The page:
Next, as shown in FIG. 4B, node controller 20 of processing node 8 a receives the speculatively forwarded read request and issues the read request on its local interconnect 16. As indicated in FIG. 4B, node controller 20 votes Null during the ARespOut period in response to coherence directory 50 indicating that the cache line specified in the read request is Modified at processing node 8 b. Node controller 20 recognizing this special condition permits the read request to proceed, as discussed below with respect to FIG. 4D.

As illustrated in FIG. 4C, independently of (and possibly prior to, concurrently with, or after) the speculative forwarding of the read request to processing node 8 a, processor 10 a of processing node 8 b responds to the read request by sourcing the requested cache line on local interconnect 16 and updating the coherence state of the requested cache line in its cache hierarchy 14 to Shared. In response to snooping the requested cache line, requesting processor 10 b loads the requested cache line into its cache hierarchy 14 and sets the associated coherence state to Shared. In addition, node controller 20 of processing node 8 b captures the cache line and issues a write-with-clean transaction containing the modified cache line to processing node 8 a. In response to receipt of the write-with-clean transaction, node controller 20 of processing node 8 a issues the write-with-clean to system memory 18 via its local interconnect 16. System memory 18 of home node 8 a then updates the corresponding memory line with the modified data.

Referring now to FIG. 4D, independently of (and possibly prior to, concurrently with, or after) the memory update illustrated in FIG. 4A, system memory 18 of processing node 8 a responds to the read request by sourcing a possibly stale copy of the requested cache line to node controller 20 of processing node 8 a via local interconnect 16. Node controller 20 of processing node 8 a then forwards the copy of the requested cache line to node controller 20 of processing node 8 b, which discards the cache line in response to the read request being marked Null in its pending buffer 60.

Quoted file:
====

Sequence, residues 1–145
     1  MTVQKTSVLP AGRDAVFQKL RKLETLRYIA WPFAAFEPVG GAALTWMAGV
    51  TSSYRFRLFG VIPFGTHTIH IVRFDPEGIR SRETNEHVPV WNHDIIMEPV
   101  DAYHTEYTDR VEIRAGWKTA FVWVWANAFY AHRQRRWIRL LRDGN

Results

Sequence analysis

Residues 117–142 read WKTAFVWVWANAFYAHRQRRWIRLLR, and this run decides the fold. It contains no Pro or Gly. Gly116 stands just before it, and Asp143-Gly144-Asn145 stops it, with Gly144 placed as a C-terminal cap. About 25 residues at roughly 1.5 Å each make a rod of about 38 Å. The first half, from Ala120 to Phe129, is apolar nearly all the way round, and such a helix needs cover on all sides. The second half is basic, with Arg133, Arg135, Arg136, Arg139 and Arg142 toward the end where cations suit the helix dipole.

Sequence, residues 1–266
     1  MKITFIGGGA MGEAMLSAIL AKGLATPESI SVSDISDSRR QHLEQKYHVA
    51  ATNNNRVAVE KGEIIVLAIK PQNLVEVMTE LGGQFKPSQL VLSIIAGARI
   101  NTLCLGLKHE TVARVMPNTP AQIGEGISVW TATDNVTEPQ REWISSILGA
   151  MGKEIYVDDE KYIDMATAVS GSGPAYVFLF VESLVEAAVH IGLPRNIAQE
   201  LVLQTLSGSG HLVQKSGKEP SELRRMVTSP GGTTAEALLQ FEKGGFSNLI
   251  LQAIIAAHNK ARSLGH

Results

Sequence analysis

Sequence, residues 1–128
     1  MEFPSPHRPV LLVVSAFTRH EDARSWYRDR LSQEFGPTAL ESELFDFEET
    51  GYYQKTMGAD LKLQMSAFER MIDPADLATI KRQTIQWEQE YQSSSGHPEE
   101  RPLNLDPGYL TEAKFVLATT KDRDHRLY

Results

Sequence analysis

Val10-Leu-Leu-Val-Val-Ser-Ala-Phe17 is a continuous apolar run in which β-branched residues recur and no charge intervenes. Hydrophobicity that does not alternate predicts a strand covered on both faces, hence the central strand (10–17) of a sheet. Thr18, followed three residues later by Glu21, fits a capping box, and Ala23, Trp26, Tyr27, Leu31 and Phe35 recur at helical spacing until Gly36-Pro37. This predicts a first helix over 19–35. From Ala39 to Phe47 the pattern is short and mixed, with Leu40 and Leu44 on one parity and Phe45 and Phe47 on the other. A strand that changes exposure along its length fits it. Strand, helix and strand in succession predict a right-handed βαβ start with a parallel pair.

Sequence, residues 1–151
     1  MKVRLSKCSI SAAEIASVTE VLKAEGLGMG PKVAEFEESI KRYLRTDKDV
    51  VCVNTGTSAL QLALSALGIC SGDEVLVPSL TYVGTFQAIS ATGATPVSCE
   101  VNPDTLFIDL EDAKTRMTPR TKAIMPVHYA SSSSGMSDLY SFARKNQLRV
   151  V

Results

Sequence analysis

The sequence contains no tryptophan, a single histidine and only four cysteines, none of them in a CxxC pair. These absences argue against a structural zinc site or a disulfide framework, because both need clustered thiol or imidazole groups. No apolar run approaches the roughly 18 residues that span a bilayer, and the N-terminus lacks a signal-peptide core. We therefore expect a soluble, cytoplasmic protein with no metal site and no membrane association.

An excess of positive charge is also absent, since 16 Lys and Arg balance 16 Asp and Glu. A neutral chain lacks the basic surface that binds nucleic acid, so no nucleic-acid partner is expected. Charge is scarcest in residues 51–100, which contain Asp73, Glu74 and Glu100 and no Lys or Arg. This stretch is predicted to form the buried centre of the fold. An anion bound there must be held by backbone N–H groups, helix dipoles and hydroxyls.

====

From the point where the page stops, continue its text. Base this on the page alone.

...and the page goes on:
As has been described, the present invention provides an improved NUMA computer system and an improved communication methodology in a NUMA computer system. In accordance with the present invention, a read request transaction is speculatively issued to a remote (i.e., home) processing node via the node interconnect prior to a determination of whether the read request can be serviced locally without the intervention of the remote processing node. When the remote processing node responds to the speculatively forwarded read request, the requesting processing node handles the response in accordance with the local coherence response for the read request. In this manner, the latency of communication transactions can be dramatically reduced.

While the invention has been particularly shown and described with reference to a preferred embodiment, it will be understood by those skilled in the art that various changes in form and detail may be made therein without departing from the spirit and scope of the invention.

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Classifications
U.S. Classification711/141, 711/E12.027, 711/124, 711/147, 711/100, 711/E12.026, 711/154
International ClassificationG06F15/16, G06F12/08, G06F12/00
Cooperative ClassificationG06F12/0817, G06F12/0815, G06F2212/507
European ClassificationG06F12/08B4P, G06F12/08B4P2